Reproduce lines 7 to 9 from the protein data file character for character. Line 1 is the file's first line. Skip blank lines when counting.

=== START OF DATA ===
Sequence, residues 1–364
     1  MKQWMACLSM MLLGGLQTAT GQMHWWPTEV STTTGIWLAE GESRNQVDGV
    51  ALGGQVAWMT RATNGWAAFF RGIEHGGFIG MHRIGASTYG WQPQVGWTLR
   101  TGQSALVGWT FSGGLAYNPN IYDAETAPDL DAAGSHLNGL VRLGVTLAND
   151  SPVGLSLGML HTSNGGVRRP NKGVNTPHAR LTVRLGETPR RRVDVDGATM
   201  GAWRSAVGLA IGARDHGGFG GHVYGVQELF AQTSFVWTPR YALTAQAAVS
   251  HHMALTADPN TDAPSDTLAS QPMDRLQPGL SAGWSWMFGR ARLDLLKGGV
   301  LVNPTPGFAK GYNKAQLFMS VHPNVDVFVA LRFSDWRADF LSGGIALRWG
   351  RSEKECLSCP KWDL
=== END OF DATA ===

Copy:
   251  HHMALTADPN TDAPSDTLAS QPMDRLQPGL SAGWSWMFGR ARLDLLKGGV
   301  LVNPTPGFAK GYNKAQLFMS VHPNVDVFVA LRFSDWRADF LSGGIALRWG
   351  RSEKECLSCP KWDL